After more than 70 years, Adolf Hiltler's birthplace is going to be destroyed. This is not to wreak vengeance on a lifeless building, but to prevent neo-Nazis from converting the home into a shrine.

The plan is quite a war of a different kind than the one that the Nazi dictator fought. A long battle with the building's owner has finally led to the Austrian government making a plan to demolish the birthplace.

"The Hitler house will be torn down. The foundations can remain but a new building will be erected. It will be used either by a charity or the local authorities," Austrian Interior Minister Wolfgang Sobotka said. 

Even though the plan has not passed a vote in Parliament and Legislation, a committee of experts has decided to destroy the house in Braunau am Inn town, near the German border.

The reason for this is that it might fall into "wrong hands," said Sobotka. The government worries that it might be used a shrine by neo-Nazis. By destroying it, the ministry is trying to eliminate all links of association with Hitler.

It is a bit puzzling to many that the building is visited by a number of  Nazi sympathisers. Locals say that many continue to visit it.

However, is that completely out of curiosity, or is there something else that drives them here?

"I've even witnessed people from Italy or from France coming here... for adoration purposes," said Josef Kogler, a teacher. "One Frenchman, a history teacher I think it was, came and asked me for Hitler's birthplace... It's hard to understand."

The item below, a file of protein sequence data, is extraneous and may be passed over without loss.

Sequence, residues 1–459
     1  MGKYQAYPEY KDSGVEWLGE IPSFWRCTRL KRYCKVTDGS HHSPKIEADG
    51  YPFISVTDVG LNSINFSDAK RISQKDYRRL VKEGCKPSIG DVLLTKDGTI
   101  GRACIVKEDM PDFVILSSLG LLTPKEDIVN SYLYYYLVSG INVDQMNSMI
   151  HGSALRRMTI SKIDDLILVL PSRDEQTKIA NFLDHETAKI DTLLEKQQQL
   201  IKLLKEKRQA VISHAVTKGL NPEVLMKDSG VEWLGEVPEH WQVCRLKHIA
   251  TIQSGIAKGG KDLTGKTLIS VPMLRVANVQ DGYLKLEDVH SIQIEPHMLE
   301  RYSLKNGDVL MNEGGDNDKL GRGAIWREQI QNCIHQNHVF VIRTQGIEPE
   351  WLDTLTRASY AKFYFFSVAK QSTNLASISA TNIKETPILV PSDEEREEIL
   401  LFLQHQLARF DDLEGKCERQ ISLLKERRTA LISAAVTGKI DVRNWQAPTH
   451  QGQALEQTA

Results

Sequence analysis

The monstrous dictator had been born in a rented room on top of the building on April 20, 1889. When he turned three, he shifted with his family to Germany. After he became a Nazi supremo the building became a "shrine". However, in 1944, when his Nazi party declined, the building was shut down.

After 1972, the three-storey building has been rented by the government to eliminate misuse. It got converted into a care centre for the disabled, but got deserted in 2011. The government pays the house owner, Gerlinde Pommer, €4,800 (AU$6,900) every month.

However, Pommer does not want to sell the building to the government, nor is she willing to permit renovations reducing its symbolic influence.

Hence, the government started formal legal procedures early in 2016 to take over the building. It has also decided that it should not leave the "site empty" as that would indicate that Austrian history is being denied. A new building put in its place will be used for administrative or for charitable purposes.